Get your local library on Goodreads!

There’s no question that as a librarian in training that I adore Goodreads.

If you do not know what Goodreads is, its a site where users can pick books out and write reviews on them and make friends who have similar interests in books as you. It keeps all the books you read organized and easy to return to. There are great discussions about books on there and I get most of my book recommendations from Goodreads.

I just found out recently that you can get your library on Goodreads. Using the steps from this site: http://www.oclc.org/go/goodreads you can make your library a group on there and Goodreads members can be members of that library group. It’s a great way for libraries to gain recognition and have local reader interact with one another. The library can form its own group on Goodreads and have online book clubs and be able to promote their library as well. There can even be next level interaction where Goodreads users can ask the group questions about the library and the librarian at that library can answer them. This is a great way to establish community within a library system.

I believe Goodreads is underrated in terms of social media for libraries. Here is a site that is specifically made for reading and has ways to make your own library a group on that site and yet I don’t hear libraries using Goodreads. It may not be as popular as Facebook or Twitter but it has the right audience for it. You may get one in five people on Facebook who are readers but on Goodreads everyone on that site are readers. It really establishes a niche community and it benefits the library that way if the library promotes itself on it.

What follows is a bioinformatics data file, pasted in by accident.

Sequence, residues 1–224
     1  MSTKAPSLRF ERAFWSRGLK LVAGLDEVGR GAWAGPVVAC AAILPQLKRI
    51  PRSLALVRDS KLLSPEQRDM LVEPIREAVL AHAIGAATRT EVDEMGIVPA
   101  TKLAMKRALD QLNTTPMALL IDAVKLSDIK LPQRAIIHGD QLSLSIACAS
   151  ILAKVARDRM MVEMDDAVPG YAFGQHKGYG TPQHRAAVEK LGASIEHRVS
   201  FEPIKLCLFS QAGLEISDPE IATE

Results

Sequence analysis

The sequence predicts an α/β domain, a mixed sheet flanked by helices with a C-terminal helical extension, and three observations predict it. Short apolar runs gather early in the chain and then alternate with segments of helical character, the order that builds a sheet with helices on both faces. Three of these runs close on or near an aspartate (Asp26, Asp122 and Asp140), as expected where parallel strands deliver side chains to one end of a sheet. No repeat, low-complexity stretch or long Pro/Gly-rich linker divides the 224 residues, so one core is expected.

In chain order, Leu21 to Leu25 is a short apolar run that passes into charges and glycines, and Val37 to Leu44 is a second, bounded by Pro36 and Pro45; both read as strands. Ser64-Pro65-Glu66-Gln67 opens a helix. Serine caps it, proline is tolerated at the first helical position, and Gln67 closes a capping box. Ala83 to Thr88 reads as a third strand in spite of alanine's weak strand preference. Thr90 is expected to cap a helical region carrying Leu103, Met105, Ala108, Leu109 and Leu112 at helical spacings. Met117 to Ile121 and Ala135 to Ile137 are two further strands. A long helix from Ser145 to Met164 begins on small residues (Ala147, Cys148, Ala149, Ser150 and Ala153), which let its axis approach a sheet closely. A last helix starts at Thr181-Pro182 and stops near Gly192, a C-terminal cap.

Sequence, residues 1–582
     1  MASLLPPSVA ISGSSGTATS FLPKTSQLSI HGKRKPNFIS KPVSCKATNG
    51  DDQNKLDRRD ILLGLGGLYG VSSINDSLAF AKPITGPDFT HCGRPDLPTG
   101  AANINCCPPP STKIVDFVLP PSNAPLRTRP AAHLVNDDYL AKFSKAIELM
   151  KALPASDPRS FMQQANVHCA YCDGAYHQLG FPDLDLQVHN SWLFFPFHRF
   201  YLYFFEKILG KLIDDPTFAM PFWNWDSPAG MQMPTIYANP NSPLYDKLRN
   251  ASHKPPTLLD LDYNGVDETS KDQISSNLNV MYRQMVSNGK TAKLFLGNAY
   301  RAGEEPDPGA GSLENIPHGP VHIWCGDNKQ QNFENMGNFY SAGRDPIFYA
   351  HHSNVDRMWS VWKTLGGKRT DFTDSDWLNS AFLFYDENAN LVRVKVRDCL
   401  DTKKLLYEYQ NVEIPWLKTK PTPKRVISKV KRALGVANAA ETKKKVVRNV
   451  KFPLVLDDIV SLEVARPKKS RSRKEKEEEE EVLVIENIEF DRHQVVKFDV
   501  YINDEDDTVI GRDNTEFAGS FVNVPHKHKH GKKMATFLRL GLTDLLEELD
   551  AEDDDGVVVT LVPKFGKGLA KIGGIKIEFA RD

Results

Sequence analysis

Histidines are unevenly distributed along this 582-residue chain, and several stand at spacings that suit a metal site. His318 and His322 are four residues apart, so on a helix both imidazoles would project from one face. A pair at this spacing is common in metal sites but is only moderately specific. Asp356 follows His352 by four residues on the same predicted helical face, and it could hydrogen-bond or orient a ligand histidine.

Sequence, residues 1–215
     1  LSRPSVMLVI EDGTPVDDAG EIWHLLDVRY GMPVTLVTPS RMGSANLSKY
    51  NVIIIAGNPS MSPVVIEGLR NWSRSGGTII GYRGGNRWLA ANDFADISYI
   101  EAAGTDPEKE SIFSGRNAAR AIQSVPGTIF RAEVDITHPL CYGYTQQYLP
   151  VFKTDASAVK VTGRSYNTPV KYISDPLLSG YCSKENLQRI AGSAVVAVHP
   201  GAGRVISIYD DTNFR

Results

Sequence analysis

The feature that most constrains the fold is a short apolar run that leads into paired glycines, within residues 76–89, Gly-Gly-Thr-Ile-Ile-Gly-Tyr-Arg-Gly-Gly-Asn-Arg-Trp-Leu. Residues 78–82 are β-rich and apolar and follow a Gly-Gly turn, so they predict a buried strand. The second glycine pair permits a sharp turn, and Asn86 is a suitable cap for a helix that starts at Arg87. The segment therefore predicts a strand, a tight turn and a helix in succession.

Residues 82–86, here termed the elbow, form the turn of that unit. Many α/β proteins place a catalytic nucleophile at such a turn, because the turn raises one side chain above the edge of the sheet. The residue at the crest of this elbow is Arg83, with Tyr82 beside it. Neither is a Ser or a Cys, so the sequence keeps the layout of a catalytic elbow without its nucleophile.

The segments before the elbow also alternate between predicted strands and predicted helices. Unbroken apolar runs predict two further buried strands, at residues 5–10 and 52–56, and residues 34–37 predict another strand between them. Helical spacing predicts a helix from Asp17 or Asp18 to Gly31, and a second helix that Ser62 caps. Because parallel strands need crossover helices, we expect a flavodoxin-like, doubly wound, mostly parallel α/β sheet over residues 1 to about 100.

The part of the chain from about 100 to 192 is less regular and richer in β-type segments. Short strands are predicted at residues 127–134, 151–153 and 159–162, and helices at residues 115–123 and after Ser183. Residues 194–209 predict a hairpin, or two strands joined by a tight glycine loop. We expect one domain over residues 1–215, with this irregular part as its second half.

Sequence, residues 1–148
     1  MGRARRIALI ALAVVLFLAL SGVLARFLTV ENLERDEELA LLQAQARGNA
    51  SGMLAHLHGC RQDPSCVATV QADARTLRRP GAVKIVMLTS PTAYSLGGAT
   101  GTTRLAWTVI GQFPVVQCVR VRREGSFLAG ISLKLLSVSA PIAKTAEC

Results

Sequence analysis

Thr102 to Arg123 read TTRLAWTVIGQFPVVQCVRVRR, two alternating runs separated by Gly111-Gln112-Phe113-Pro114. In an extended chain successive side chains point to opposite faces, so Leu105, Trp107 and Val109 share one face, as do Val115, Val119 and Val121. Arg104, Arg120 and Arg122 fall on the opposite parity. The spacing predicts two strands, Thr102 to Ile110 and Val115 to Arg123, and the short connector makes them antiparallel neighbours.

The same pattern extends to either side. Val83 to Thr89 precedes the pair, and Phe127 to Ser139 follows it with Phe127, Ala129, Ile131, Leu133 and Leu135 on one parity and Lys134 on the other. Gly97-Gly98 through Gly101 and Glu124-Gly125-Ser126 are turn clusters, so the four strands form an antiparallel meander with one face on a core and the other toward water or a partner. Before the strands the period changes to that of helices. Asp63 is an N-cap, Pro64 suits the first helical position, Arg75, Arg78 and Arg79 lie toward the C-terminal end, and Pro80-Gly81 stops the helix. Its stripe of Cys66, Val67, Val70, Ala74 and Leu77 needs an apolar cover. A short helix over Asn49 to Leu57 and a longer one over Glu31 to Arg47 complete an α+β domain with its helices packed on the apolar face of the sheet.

Goodreads is also a good way of finding out what is popular within the book communities. Before I consider reading a book, I look at Goodreads and see how it scored with other users and what kind of reviews it got. My manager asks me on what Young Adult books to order and I know straight away what is popular is what is not. You see users get excited over new releases and it can anticipate how many copies to order for the system. For example I know Sarah J Maas is an extremely popular young adult author on Goodreads and I suggested we order her books for the library and lo and behold those books have been checked out so many times that are starting to fall apart! If I wasn’t on Goodreads I would be out of touch to what the patrons want. It shows how the library can work for the user not the other way around.

I believe librarians should have a Goodreads account to promote their library and keeping in touch with the latest popular books. Right now there are over 20 million members on Goodreads and the numbers keep on growing. I encourage everyone who is reading this to become a member of Goodreads-you won’t regret it.

https://www.goodreads.com/

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